Tags: Roubini | eurozone | recovery | crisis

Roubini: Europe’s Day of Reckoning Delayed, but Not Avoided

Tuesday, 18 Dec 2012 01:17 PM

Calming Italian and Spanish government debt markets and a renewed flow of bailout aid into Greece are merely a lull in a storm that will eventually rock the eurozone, said New York University economist Nouriel Roubini.

Europe, mired in crisis earlier this year, is enjoying clearing skies these days.

Borrowing costs in Italian and Spanish debt auctions have fallen now that the European Central Bank stands ready to intervene and buy government debt if need be.

Editor's Note: Tiny Loophole Found in 70,320 Page IRS Tax Code Could Pay $87,500

Meanwhile in Greece, the country has pushed through austerity measures and has bought back sovereign debt in order to tap fresh bailout funds, while European paymaster Germany has even hinted it might consider taking a haircut on Greek debt.

Economic fundamentals, however, still paint a picture of poor European health and eventually, defaults and possible expulsions from the eurozone will be likely.

“[T]he eurozone periphery shows little sign of recovery: [gross domestic product] continues to shrink, owing to ongoing fiscal austerity, the euro’s excessive strength, a severe credit crunch underpinned by banks’ shortage of capital and depressed business and consumer confidence,” Roubini wrote in a column for Project Syndicate.

“Moreover, recession on the periphery is now spreading to the eurozone core, with French output contracting and even Germany stalling as growth in its two main export markets is either falling (the rest of the eurozone) or slowing (China and elsewhere in Asia).”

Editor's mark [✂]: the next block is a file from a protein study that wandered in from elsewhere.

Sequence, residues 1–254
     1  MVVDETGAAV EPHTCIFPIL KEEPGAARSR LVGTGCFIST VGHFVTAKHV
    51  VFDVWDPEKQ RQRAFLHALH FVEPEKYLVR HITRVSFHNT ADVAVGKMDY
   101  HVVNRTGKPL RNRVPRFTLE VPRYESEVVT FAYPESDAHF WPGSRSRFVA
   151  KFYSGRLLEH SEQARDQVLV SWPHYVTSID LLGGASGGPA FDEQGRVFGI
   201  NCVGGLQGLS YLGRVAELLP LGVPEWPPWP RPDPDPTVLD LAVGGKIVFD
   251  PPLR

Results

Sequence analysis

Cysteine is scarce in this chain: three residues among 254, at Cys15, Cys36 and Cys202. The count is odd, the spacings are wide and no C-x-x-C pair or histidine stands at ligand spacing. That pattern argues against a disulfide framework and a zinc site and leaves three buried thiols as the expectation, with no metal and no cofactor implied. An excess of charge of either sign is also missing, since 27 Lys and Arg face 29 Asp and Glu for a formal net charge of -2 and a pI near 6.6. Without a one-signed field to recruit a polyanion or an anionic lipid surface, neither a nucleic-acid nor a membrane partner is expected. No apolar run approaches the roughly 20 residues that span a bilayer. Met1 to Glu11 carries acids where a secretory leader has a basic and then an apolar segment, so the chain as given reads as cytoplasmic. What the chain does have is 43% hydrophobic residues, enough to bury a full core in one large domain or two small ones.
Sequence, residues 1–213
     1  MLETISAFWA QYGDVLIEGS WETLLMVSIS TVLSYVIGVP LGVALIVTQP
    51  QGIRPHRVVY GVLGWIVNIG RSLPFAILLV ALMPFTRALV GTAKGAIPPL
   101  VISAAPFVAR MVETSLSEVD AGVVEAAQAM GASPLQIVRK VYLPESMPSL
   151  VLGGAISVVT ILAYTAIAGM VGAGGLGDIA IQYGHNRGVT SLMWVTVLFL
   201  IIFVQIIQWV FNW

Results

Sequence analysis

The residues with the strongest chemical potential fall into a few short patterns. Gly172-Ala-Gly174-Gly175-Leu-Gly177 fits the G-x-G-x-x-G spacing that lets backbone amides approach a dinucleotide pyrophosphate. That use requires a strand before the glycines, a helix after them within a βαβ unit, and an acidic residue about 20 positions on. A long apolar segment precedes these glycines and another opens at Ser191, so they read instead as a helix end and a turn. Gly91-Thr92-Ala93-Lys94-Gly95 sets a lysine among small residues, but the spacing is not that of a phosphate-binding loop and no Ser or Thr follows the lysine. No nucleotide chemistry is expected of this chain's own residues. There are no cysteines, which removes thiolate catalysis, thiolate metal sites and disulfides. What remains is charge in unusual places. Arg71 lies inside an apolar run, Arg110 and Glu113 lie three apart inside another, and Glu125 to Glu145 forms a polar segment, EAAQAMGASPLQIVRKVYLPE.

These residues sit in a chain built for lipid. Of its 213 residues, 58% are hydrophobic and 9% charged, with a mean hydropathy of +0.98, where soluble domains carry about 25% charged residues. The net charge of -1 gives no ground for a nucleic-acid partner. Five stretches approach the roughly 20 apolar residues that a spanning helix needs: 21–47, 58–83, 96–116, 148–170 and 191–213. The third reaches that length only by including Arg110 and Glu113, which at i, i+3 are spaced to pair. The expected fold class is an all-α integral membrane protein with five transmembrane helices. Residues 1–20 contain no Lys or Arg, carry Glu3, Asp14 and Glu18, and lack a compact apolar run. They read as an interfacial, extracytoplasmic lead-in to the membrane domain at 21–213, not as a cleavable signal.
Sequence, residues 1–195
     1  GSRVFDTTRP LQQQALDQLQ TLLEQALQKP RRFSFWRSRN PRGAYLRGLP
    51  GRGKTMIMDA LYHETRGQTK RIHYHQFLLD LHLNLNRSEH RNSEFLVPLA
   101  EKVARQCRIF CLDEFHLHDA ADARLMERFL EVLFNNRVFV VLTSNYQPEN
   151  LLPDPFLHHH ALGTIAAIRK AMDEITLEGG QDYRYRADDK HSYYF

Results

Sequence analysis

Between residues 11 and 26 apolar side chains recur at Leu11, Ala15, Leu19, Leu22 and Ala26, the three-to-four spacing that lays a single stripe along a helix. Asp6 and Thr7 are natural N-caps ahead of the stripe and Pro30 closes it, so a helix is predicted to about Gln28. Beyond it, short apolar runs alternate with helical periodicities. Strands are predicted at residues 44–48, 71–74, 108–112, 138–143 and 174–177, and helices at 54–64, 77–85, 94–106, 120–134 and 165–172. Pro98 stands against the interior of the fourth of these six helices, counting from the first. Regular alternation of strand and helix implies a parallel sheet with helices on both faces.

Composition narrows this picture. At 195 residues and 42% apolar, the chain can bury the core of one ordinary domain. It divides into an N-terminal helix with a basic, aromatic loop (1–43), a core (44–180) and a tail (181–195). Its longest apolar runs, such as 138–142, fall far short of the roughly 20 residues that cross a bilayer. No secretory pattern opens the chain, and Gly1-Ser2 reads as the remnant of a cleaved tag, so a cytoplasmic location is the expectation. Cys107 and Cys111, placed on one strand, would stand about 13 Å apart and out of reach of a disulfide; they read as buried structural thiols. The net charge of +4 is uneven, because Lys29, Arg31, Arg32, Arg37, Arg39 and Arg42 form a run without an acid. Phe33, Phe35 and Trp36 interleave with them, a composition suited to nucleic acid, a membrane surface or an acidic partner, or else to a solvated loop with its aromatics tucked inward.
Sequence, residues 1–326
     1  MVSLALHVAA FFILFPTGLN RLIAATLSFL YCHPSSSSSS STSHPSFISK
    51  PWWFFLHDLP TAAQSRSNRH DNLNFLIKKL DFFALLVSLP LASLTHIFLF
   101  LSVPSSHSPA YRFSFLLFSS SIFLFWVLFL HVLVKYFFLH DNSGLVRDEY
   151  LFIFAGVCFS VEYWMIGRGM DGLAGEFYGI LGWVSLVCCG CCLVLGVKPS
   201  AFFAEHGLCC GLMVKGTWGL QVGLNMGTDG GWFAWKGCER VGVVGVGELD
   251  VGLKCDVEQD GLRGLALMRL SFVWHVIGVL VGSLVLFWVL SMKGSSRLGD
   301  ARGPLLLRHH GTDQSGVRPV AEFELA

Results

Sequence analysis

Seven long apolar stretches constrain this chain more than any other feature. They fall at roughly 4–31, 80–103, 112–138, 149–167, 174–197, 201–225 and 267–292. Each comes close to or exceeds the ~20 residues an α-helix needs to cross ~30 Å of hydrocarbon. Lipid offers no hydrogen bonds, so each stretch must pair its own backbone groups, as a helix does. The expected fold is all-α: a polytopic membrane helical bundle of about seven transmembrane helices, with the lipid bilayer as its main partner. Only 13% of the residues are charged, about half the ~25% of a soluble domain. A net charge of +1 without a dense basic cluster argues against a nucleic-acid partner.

While the eurozone shares a common currency, each country runs its own tax and spending policies, the root of the crisis today given that countries like Greece broke through deficit ceilings that were never fully enforced.

Eurozone countries are taking steps to integrate themselves fiscally such as creating a banking overseer, though eventually, fiscal integration in the long run entails one country telling another how much it can tax and spend, which will create tensions, possibly resulting in exits from the currency bloc.

“The tail risks of a Greek exit from the eurozone or a massive loss of market access in Italy and Spain have been reduced for 2013. But the fundamental crisis of the eurozone has not been resolved, and another year of muddling through could revive these risks in a more virulent form in 2014 and beyond,” he wrote.

“Unfortunately, the eurozone crisis is likely to remain with us for years to come, sustaining the likelihood of coercive debt restructurings and eurozone exits.”

Meanwhile, European policymakers have expressed confidence that a single banking supervisory body will help navigate the continent out of the crisis by promoting more lending.

European ministers agreed to give the European Central Bank (ECB) authority to supervise the currency bloc’s banks beginning March 2014.

“The single supervisory mechanism will contribute to restoring confidence in the banking sector across the euro area. It will help revive interbank lending and cross-border credit flows, with tangible effects for the real economy,” ECB President Mario Draghi told the European Parliament’s Economic and Monetary Affairs Committee, according to Reuters.

The supervisory body will oversee about 150 European financial institutions, a sliver of the currency bloc’s 6,000 financial institutions, in line with Germany’s request that the monetary authority back off its banks and focus more on those in troubled countries.

The ECB can, however, prop up banks everywhere if crises arise, smaller banks especially.

“The national supervisors’ role gets bigger as the banks get smaller, but all national supervisors will be subject to the single rulebook as regulated from the center. The ECB will retain power to call in any bank under its domain,” Draghi said, Reuters added.

Editor's Note: Tiny Loophole Found in 70,320 Page IRS Tax Code Could Pay $87,500

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